Does Kant Have a Theory of Punishment
Jeffrie G. Murphy
Arizona State University College of Law
Columbia Law Review, Vol. 87, p. 509, 1987
No doubt almost everyone would agree, although for different reasons, that any acceptable theory of punishment must make an important place for the values of justice, personal desert, respect for persons, and individual responsibility-it must, in short, make an important place for retributive values. This article pursues in some detail the grounds for the author’s current uneasiness with Kant's writings on crime and punishment. Hopefully, these grounds will raise issues of general interest that will be worthy of discussion and consideration which might possibly lead to the (at least partial) salvation of Kant's theory. If one selects carefully among the many remarks and insights that Kant has left us about crime and punishment, one might even be able to build an edifice from the bricks provided, but Kant himself most likely did not succeed in building such an edifice himself.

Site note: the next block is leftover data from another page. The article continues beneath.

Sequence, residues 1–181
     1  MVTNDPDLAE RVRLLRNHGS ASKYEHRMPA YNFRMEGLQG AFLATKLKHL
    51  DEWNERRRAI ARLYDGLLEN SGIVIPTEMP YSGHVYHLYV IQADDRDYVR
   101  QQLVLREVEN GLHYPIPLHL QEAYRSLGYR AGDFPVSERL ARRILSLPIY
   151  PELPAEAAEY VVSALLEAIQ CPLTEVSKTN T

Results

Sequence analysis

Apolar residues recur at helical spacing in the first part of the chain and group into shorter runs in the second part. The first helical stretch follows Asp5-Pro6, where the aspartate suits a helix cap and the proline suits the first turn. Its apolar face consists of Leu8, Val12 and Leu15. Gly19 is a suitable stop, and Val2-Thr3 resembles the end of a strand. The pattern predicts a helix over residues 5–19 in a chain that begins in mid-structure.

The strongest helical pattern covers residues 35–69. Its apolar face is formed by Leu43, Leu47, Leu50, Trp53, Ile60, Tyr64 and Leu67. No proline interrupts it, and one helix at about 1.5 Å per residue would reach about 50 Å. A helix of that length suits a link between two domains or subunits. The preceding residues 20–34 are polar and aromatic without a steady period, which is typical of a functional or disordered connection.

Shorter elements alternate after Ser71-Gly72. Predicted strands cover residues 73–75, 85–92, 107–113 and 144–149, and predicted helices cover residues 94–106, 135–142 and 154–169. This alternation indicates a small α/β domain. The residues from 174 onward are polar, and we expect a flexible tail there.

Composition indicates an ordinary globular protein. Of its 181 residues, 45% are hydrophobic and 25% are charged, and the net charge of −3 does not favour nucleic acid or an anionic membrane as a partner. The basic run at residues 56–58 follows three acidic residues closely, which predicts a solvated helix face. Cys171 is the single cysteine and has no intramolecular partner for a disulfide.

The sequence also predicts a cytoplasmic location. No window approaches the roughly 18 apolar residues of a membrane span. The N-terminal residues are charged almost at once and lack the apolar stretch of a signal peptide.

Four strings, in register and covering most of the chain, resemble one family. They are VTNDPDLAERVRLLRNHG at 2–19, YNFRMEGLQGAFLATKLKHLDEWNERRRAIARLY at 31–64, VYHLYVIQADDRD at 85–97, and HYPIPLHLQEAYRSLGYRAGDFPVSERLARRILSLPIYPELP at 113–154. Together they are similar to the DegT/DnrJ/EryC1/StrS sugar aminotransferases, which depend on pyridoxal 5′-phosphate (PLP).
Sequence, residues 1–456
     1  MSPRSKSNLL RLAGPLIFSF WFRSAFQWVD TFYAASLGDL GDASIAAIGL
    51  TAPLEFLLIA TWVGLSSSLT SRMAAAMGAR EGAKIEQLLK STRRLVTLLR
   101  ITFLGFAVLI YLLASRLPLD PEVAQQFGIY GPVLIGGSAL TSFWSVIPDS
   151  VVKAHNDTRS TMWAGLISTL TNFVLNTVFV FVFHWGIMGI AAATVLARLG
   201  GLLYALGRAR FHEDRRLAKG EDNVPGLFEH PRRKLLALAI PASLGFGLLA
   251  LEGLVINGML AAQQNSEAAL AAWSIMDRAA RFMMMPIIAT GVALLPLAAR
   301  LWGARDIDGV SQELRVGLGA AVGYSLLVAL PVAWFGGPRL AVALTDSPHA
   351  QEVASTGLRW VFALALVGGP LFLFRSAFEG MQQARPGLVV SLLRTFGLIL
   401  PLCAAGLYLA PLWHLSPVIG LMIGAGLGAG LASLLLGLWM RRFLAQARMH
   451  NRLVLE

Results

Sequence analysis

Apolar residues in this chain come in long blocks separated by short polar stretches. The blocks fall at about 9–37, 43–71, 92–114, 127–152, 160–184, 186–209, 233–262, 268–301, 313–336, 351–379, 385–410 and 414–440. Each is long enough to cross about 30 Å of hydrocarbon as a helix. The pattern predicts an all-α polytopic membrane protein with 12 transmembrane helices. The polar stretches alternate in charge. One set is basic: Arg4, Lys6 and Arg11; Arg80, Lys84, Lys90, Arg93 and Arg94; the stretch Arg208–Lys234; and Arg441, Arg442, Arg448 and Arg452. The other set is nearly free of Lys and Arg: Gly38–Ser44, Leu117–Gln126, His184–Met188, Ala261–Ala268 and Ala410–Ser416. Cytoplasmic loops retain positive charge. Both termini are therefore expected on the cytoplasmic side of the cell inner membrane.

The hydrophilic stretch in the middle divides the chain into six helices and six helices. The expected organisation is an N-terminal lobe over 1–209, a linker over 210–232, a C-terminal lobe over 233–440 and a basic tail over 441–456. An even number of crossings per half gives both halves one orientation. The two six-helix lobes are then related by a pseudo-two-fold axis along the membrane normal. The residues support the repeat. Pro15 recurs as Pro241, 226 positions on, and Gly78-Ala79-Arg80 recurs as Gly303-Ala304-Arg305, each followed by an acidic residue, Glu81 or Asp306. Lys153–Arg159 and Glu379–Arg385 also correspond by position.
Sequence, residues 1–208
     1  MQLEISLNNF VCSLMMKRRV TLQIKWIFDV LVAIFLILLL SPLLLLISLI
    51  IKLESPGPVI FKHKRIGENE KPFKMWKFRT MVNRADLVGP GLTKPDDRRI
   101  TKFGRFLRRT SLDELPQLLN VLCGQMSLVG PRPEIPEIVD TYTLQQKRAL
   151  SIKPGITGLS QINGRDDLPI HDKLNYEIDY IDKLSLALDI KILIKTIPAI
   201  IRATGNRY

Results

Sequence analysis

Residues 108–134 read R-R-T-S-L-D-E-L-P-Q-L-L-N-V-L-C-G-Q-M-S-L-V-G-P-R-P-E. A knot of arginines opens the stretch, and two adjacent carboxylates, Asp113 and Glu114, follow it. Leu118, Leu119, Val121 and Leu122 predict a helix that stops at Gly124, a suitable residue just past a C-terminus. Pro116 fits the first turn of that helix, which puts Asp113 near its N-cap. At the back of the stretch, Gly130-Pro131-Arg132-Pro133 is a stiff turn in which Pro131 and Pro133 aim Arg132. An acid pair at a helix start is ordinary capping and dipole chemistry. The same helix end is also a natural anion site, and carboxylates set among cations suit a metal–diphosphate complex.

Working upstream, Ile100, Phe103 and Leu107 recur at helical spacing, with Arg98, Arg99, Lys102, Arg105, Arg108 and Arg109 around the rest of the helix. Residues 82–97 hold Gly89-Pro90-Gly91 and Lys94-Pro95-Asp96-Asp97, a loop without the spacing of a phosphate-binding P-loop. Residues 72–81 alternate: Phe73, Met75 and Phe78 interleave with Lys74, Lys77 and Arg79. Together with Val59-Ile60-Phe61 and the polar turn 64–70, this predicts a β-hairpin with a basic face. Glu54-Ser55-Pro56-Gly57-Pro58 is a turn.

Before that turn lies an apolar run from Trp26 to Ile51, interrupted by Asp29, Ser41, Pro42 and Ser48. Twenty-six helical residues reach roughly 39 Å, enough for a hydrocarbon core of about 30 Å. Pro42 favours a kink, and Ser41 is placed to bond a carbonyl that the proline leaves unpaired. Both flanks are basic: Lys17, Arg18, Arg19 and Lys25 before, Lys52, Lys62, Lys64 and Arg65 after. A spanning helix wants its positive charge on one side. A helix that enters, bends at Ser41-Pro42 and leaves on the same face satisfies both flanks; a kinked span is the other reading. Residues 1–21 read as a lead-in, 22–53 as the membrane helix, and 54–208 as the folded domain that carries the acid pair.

Number of Pages in PDF File: 24
Keywords: Immanuel Kant, Theory of Punishment, Criminal LawAccepted Paper Series
Date posted: June 25, 2009
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